“And you’re comfortable with this level of devotion?” I ask him, tentatively, feeling more confident now the wine is well and truly flowing through my veins.

“I’m a God. My very presence demands it,” he answers, eyes alight with a burning fire, narrowing in my direction. “Besides, it is very rare in our society that women are allowed freedom in their routine, let alone a worship that verges on the hedonistic. I am not just comfortable with the encouragement of ecstasy, I am proud of it.”

He’s right. Part of Dionysus’s popularity today is down to the democracy of his deity. As far as he is concerned everyone is equal, regardless of gender, age, race and occupation—a rarity in religion. Women especially, so often excluded from ritual and from revelry, are actively incited in their veneration of him.

“I just can’t imagine myself letting go to such an extreme extent,” I admit, jealousy tainting my words. “It seems like lunacy to me.”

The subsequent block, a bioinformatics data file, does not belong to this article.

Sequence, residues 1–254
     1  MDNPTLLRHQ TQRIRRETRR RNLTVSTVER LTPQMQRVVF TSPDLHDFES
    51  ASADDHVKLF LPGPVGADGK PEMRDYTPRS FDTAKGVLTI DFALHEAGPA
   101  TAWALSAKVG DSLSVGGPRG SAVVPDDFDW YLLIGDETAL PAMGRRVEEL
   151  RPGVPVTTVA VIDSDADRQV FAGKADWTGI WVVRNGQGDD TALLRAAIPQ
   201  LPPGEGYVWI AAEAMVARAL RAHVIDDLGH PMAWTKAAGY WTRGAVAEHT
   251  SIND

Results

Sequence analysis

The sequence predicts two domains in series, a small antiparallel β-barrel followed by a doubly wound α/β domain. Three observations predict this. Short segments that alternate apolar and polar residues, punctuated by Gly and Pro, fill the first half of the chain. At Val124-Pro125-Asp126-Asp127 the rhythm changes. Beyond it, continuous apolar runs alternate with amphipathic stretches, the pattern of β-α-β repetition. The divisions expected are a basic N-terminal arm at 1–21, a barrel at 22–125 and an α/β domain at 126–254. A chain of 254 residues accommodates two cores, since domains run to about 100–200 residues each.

“A little lunacy now and then didn’t do anyone any harm,” Dionysus replies. “Yes wine is libation, but it is also liberation. Why does service have to mean sacrifice? I want people to engage with me, not just serve me. To experience pleasure as part of protocol, to know that one does not require the absence of another.

“I am a firm believer that excess and abundance should form part of worship. That release in the form of complete abandonment of the taught, societal self is the closest man can get to divinity. If lunacy means freeing yourself from the shackles of shame and restraint then so be it.”

“That’s easy for you to say,” I protest, “Not all of us are capable of such things.”

“I think you are capable of experiencing more joy in this life than you can possibly imagine,” He says, his voice turning hypnotic in its depth. 

“There’s going to be a gathering later this evening,” he continues. “You should join us.”

I pause, aware I am in danger of not just blurring my professional boundaries, but obliterating them completely.

“No amount of bacchic celebration can taint a virtuous woman,” he responds, eyes glistening with mischief. “You have nothing to be scared of here.”

I drain my glass in resignation.

* * *

The next morning I wake in my own bed, no recollection of how I got there. There is ivy in my hair, a throbbing in my head and—somewhat disturbingly—dried blood garnishing my fingernails. Next to me lies a note.

In vino veritas it reads. 

In wine, there is truth.